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Global ice melt is in line with the IPCC worst-case scenario

Ice around the world is now melting at a record rate, according to recent research findings published in the journal The Cryosphere. According to Thomas Slater, lead author and researcher from the University of Leeds, the consequences of the ice loss will be felt globally. The researchers’ data shows that ice loss rates are now in line with the Intergovernmental Panel on Climate Change’s (IPCC) worst-case scenario. The IPCC is one of the leading authorities on climate matters globally.

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The paper has revealed that about 28 trillion metric tons of ice were lost in the period between 1994 and 2017. According to the authors, that amount of ice would be equivalent to a 100-meter-thick ice sheet covering the U.K. The loss of ice is attributed to global warming.

Related: IPCC landmark report warns about the state of the oceans, polar ice content and the climate crisis

The researchers have been studying the rate of global ice loss for the past 23 years by analyzing satellite data. Over the study period, there has been an increase of about 57% in ice melting. In the 1990s, ice loss was at 0.8 trillion metric tons per year but has since increased to 1.2 trillion metric tons in 2017. Of more concern is the fact that half of the ice was lost from land, which means that it will contribute directly to sea-level rise.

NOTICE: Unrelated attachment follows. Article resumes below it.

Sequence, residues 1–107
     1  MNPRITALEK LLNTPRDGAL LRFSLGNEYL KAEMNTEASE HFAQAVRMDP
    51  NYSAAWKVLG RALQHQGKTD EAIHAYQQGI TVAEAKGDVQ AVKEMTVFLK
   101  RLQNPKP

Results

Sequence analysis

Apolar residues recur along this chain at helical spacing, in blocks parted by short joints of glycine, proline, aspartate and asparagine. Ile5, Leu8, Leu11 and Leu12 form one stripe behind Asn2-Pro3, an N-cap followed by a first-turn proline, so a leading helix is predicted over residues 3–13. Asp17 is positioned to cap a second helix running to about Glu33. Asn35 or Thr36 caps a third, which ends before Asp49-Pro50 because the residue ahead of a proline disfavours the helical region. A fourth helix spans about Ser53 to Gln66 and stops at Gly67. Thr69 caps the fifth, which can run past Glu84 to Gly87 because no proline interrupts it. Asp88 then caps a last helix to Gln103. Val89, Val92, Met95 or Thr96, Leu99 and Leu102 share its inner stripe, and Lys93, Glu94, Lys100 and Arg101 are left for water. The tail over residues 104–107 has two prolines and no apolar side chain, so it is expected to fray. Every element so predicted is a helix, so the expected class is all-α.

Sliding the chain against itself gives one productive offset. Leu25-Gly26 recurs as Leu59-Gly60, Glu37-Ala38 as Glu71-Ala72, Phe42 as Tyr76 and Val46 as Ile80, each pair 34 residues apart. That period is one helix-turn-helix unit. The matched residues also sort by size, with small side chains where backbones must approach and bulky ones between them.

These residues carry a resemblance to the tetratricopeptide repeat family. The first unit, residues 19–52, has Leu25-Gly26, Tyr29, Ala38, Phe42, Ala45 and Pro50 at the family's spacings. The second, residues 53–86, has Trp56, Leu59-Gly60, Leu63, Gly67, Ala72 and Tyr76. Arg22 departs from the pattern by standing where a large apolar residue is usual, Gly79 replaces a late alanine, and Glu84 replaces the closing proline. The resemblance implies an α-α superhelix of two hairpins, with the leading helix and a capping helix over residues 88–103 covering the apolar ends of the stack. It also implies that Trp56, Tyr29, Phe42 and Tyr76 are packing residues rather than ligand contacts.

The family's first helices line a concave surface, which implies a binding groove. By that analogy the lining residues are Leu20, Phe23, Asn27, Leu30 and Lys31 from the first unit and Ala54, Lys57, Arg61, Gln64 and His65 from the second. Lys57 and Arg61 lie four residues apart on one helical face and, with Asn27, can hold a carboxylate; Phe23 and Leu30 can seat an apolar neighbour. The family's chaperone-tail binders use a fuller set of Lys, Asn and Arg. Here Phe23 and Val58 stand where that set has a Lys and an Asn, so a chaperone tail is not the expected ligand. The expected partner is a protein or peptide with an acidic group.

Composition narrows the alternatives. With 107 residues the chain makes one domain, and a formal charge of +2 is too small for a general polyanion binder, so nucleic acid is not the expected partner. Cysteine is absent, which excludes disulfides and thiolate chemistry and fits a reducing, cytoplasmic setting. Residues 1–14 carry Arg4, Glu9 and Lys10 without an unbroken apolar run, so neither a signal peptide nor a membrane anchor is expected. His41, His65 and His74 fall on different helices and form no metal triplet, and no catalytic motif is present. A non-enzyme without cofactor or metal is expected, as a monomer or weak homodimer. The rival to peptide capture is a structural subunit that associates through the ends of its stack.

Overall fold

According to Inès Otosaka, co-author of the report and a doctoral researcher at the University of Leeds, the loss of ice will have significant effects on sea levels and freshwater sources.

“As well as contributing to global mean sea level rise, mountain glaciers are also critical as a freshwater resource for local communities,” Otosaka said. “The retreat of glaciers around the world is therefore of crucial importance, at both local and global scales.”

The study, dubbed Earth’s Imbalance, was completed by various researchers from the University of Leeds, University of Edinburgh, University College London and Earthwave. The research was funded by the U.K. Natural Environment Research Council, and it is the first comprehensive study on the loss of ice globally.

+ The Cryosphere

Via The Guardian

Image via Pexels

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